Saturday, December 21, 2013

bible3 Faith2

"that they may be one, even as we are one: I in them and thou in me, that they may be made perfect in one." (John 17)

"Seek not thy heavenly father then beyond the skies, There Chaos dwells & ancient Night & Og & Anak old. " (Milton 20:33-34)

"I am not a God afar off, I am a brother and friend; Within your bosoms I reside, and you reside in me: Lo! we are One, forgiving all Evil, Not seeking recompense. Ye are my members...." (Jerusalem 4:18-21)

The theologues of the forties and fifties learned from Paul Tillich that everyone has an ultimate concern, his God. People in Alcoholics Anonymous have told some of their theologically confused members that, lacking any better God, they may worship a 'pot on the mantle', anything at all to break that devotion to the bottle which is actually the worship of a lower form of the self. To remain sober one must believe in a Higher Power of some sort.

The important thing is that one's Higher Power be not a projection of some lower form of self; that's idolatry. The person seriously interested in ultimate reality engages in a life long search for the most real image he can discover, the image of his God. A person's best image of God nurtures his spirit as he goes through life.

The Bible contains a multiplicity of images of God. For example we read about the finger of God, the nostrils of God, even the backside of God. All his life Blake maintained a high level of respect for the Bible as vision. Nevertheless he refused to worship other men's visions of God:

"I (you!) must create a system, or be enslaved by another man's" (Jerusalem, 10.21; E153).

He's saying that we have a choice: to adhere to the conventions (whatever conventions may be for us) or to create our own values from our own experience. Blake did this for a lifetime, creating his own myth of meaning, and with his creative works he expressed it over and over again.

The only thing Blake really trusted was his own immediate direct vision, and he possessed his soul in varying degrees of patience until that vision clarified, and you may be sure that it was criticized, corrected and amended over and over again.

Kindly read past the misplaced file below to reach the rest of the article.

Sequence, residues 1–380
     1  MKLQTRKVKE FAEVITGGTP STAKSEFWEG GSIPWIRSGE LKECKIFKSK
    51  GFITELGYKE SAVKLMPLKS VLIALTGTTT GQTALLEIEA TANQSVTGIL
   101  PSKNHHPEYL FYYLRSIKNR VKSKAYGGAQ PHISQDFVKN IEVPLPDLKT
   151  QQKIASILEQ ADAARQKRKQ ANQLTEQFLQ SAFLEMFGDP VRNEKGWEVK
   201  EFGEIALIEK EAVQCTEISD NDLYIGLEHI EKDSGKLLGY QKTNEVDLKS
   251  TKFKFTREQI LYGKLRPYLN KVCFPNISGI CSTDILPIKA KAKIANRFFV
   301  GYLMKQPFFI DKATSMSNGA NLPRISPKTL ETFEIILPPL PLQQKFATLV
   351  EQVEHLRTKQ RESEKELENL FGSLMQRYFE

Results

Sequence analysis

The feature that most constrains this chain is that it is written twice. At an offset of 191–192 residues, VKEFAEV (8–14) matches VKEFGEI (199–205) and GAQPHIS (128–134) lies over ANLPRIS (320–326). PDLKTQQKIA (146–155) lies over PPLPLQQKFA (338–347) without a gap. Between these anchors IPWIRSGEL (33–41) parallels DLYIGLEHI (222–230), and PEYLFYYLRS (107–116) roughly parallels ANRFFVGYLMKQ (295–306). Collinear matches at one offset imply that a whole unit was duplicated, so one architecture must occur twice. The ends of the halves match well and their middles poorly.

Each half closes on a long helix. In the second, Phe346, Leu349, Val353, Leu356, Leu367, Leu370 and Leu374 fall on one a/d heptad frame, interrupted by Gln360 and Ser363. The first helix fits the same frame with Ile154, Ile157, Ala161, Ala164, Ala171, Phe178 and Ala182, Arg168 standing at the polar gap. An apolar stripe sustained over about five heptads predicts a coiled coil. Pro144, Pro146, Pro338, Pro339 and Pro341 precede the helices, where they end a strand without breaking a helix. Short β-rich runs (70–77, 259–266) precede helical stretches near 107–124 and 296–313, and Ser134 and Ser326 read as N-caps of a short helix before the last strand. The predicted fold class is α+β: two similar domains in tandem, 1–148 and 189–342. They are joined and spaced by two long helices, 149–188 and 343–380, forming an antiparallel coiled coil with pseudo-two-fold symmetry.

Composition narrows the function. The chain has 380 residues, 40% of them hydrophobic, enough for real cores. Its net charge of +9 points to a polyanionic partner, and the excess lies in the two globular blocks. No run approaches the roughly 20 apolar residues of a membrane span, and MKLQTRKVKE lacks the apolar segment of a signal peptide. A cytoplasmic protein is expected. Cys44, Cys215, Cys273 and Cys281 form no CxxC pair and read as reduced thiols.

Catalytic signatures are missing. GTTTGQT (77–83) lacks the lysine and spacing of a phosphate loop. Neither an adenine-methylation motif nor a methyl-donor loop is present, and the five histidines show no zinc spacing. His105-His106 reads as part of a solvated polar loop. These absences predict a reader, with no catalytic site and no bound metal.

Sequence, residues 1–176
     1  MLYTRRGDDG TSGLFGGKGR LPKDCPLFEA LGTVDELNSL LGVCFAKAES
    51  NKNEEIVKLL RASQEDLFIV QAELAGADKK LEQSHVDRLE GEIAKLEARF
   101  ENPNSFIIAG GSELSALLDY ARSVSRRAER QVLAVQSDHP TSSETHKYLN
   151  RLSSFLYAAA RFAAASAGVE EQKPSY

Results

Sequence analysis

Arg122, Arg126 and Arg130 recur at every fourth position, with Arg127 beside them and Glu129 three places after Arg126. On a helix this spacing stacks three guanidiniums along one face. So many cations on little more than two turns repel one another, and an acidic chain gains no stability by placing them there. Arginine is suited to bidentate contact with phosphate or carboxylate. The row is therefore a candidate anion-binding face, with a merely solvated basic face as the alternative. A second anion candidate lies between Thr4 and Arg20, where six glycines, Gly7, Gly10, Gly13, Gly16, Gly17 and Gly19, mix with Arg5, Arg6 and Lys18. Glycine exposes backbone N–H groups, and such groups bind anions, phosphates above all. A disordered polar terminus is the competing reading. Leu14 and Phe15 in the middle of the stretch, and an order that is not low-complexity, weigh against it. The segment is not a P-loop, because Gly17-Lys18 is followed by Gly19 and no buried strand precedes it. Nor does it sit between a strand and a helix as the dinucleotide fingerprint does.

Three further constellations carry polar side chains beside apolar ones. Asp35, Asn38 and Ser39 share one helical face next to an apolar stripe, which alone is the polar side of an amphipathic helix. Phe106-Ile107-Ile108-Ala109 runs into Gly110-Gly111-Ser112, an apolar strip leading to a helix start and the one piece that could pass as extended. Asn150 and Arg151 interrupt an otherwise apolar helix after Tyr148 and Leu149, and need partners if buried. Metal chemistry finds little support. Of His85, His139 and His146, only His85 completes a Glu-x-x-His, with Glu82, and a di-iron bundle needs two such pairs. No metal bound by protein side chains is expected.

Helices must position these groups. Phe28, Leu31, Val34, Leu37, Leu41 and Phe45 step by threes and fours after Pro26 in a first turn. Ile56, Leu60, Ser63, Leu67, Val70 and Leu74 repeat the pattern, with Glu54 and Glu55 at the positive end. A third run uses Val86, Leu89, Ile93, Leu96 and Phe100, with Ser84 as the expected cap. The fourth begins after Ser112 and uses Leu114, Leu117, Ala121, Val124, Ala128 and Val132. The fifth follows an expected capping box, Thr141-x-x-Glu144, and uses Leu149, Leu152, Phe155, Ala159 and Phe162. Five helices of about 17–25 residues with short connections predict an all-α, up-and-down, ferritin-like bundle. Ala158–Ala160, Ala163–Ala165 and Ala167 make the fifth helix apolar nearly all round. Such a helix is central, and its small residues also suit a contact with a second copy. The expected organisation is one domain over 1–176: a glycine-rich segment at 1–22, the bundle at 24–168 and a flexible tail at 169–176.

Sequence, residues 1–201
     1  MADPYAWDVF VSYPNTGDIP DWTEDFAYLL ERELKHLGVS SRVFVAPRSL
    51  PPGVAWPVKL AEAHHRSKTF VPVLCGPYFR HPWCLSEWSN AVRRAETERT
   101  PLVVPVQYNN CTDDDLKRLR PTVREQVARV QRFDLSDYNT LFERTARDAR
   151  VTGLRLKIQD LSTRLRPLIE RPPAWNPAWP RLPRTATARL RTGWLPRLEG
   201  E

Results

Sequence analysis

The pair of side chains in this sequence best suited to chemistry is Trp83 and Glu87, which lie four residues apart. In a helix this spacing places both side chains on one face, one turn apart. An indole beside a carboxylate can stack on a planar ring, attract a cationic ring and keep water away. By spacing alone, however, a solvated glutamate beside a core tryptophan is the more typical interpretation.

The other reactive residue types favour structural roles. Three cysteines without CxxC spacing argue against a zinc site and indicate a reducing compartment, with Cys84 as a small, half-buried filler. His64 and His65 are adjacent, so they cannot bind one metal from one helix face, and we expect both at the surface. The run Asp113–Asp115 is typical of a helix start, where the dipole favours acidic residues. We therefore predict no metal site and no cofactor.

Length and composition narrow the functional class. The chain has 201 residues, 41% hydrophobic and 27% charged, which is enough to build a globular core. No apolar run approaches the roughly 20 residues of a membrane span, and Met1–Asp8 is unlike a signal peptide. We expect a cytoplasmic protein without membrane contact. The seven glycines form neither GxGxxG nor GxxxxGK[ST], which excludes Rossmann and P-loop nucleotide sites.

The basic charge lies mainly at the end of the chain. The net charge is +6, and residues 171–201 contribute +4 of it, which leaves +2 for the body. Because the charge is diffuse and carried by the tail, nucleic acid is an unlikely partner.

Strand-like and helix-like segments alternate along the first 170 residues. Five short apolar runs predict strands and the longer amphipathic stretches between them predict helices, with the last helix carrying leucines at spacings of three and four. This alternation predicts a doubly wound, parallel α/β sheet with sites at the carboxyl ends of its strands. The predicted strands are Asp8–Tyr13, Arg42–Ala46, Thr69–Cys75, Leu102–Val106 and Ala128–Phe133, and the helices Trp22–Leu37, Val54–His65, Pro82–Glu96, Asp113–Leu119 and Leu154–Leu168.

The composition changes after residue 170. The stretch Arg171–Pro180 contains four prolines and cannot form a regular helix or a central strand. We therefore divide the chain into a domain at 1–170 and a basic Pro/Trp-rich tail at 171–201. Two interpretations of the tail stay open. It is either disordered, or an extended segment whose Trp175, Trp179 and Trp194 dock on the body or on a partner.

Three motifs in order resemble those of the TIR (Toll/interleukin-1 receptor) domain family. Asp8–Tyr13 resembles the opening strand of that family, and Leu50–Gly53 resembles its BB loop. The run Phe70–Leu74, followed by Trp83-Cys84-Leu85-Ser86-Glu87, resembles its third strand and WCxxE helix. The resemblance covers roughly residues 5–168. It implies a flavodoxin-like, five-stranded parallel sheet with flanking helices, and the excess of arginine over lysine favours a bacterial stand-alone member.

The 'Felpham Moment' marks the decisive clarification of Blake's vision of God. Even then the Father remained for Blake a symbol of subjection to the other man's vision, of spiritual tyranny. His own vision came to center upon Jesus.

Nobodaddy, Father of Jealousy, Urizen, all the creator and authority figures that filled the young Blake's mind, represented in essence his rejection of other men's images of God. The "Vision of Ahania" (4Z: chapter 3, 39.13ff; E327) expressed Blake's dawning awareness of a fundamental spiritual truth: the transcendental image which had dominated institutional religion is most often a projection of man's primitive negativities. The ultimate negativities, repressed into the unconscious, irupt into consciousness as the ultimate positivity, a God built upon sand, a "shadow from his wearied intellect". This passage, probably as much as anything else in his experience, inspired Thomas Altizer in the sixties to launch his Death of God movement.

Blake depreciated the God of Law and Wrath in order to exalt the God of Forgiveness. He believed that the far off, elusive, mysterious, transcendental image of God freezes man into spiritual immobility. He wanted to liberate men's minds from this imposture and put them in touch with the true source of creativity:

The prophetic poems which Blake wrote prior to 1800 concern his efforts to know, describe and deal with the old, jealous, wrathful, creator image; he finally dismissed it as a "shadow from his wearied intellect" (FZ3-40.3). The later, major prophecies, Milton and Jerusalem, also contain this theme, happily outweighed by the new vision.

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